When exposed to pressure or temperature changes, many organic and inorganic molecules exude odors that humans can detect by inhaling those molecules. Those odors stimulate nasal olfactory neurons that send information to our brains.
Our memories of things we’ve smelled before, what the source of those smells was, and other visual clues all contribute to the human ability to detect, identify, categorize, and use the information. Something as simple as seeing a picture of a lemon can trigger memories of the smell and taste of a lemon. Even more amazing is the fact that humans can immediately recognize the subtle differences in the odor of a lemon compared to that of an orange.
Today, research scientists are finding ways to mimic how humans smell. Using biosensors to detect various odors, and then using computer programs to analyze the data, it is now possible for a computer to recognize various odors. The digital signatures of each odor can be classified and stored in a growing database of previously identified odors. At the same time, rapid advances in semiconductor technology are making it possible to produce odor sensors that are small and inexpensive.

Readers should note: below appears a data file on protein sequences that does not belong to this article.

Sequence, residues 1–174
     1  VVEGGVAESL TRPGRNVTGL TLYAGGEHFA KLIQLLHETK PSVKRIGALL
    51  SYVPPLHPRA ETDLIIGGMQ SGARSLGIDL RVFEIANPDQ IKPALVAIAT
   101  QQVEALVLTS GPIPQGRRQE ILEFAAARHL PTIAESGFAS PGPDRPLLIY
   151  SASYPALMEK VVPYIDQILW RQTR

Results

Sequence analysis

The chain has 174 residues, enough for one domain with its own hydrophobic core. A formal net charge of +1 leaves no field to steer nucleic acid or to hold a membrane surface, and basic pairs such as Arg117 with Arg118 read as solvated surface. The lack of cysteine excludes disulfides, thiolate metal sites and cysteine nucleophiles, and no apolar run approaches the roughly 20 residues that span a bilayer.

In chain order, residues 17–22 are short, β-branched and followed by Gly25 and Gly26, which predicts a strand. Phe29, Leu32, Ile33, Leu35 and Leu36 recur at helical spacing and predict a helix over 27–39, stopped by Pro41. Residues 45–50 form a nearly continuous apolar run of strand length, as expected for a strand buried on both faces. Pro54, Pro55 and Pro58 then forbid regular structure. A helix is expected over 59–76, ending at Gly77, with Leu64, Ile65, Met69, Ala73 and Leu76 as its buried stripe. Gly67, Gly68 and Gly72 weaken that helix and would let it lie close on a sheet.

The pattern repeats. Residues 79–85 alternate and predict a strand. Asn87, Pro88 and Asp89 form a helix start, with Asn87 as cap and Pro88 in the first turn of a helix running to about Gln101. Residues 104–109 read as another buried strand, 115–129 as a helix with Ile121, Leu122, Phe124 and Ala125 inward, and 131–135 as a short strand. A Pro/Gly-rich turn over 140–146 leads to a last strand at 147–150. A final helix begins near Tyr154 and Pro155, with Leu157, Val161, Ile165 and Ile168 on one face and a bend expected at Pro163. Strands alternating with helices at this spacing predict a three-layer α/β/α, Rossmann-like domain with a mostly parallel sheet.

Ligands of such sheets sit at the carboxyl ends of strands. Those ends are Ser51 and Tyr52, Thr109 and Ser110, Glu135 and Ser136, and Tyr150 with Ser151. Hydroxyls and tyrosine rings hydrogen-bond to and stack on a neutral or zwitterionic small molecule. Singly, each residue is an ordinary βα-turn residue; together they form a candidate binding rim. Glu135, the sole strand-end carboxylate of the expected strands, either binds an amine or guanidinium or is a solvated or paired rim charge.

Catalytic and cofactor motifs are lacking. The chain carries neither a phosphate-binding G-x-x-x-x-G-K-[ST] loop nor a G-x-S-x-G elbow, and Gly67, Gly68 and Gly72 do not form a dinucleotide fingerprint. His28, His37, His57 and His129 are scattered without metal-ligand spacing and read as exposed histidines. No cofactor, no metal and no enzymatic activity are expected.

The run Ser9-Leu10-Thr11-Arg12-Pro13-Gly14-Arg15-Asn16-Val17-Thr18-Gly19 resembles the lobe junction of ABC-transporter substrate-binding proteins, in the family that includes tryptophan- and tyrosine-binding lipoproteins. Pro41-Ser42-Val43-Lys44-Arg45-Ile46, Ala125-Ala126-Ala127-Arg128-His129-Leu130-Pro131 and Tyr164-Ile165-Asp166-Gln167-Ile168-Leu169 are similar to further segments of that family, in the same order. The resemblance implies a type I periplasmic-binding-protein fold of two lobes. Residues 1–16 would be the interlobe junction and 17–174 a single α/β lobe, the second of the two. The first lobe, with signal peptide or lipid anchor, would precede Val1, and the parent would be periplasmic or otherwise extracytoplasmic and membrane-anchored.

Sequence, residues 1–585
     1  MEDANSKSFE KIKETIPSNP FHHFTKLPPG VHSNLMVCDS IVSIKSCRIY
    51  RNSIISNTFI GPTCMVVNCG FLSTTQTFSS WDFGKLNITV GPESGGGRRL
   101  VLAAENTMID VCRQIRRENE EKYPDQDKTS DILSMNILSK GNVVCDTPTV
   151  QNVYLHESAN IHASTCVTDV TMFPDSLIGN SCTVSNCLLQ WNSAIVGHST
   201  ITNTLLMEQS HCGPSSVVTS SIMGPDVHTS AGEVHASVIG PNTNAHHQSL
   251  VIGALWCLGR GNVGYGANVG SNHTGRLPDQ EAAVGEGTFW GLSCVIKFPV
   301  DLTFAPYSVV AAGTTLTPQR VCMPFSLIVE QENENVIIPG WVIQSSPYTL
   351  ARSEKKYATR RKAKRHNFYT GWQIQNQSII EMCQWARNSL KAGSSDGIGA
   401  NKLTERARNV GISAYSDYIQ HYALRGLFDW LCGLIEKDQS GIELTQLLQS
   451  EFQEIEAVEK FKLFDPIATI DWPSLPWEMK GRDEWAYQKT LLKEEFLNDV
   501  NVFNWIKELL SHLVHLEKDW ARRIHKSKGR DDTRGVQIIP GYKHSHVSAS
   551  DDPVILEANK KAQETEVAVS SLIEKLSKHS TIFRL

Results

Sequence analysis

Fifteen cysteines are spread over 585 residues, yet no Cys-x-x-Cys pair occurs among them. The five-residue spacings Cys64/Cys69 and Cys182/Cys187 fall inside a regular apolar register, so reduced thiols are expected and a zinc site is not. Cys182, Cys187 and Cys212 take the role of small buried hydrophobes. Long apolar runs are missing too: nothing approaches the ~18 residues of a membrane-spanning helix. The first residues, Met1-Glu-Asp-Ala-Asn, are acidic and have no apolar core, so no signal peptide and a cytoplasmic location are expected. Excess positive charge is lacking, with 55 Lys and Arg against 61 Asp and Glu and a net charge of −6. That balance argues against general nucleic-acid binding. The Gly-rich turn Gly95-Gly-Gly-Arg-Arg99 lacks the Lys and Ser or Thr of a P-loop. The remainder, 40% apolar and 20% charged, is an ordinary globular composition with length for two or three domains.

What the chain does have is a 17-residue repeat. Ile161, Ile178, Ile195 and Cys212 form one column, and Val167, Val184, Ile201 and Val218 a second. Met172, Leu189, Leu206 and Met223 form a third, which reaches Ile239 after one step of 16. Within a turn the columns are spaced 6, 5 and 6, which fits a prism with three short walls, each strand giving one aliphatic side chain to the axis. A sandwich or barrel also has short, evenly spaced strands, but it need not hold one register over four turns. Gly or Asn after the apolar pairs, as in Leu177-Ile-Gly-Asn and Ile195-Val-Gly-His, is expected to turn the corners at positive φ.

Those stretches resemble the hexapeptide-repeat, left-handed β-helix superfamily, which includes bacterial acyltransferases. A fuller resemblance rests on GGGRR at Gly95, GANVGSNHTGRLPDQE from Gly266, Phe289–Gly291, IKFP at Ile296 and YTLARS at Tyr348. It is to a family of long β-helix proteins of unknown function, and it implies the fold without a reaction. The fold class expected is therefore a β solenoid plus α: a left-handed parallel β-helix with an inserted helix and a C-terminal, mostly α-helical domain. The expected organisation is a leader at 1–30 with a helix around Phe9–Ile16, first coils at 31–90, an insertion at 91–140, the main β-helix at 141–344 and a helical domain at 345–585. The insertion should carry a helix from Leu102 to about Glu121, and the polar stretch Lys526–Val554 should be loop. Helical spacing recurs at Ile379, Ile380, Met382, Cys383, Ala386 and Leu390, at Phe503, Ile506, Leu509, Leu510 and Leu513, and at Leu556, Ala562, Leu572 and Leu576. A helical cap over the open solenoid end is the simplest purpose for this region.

Androids of the not-too-distant future will have quantum computer brains. In today’s digital computers, a data element can consist in only one of two states, either a one or a zero, either on or off. In quantum computers, data can exist in more than one state at a time. It can be a zero or a one or any value in between simultaneously. This allows quantum computers to solve millions of problems at the same time using far less energy than digital computers. MIT has already demonstrated quantum computing in the laboratory and Oxford University in England isn’t far behind.
With the ability to differentiate odors using modern semiconductor sensors, coupled with the incredible computational power of tomorrow’s subminiature quantum computers, the answer to our question will someday be…